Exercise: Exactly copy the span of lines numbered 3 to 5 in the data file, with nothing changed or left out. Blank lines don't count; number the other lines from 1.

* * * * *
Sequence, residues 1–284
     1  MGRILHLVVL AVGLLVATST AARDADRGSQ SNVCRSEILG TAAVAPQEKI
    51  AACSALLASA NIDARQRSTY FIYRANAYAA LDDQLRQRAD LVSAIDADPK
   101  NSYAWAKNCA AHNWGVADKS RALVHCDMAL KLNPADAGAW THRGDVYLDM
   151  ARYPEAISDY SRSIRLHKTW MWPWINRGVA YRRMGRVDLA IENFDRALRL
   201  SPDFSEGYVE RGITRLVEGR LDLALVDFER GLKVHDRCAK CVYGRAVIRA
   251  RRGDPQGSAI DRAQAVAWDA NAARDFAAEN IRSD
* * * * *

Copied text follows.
    51  AACSALLASA NIDARQRSTY FIYRANAYAA LDDQLRQRAD LVSAIDADPK
   101  NSYAWAKNCA AHNWGVADKS RALVHCDMAL KLNPADAGAW THRGDVYLDM
   151  ARYPEAISDY SRSIRLHKTW MWPWINRGVA YRRMGRVDLA IENFDRALRL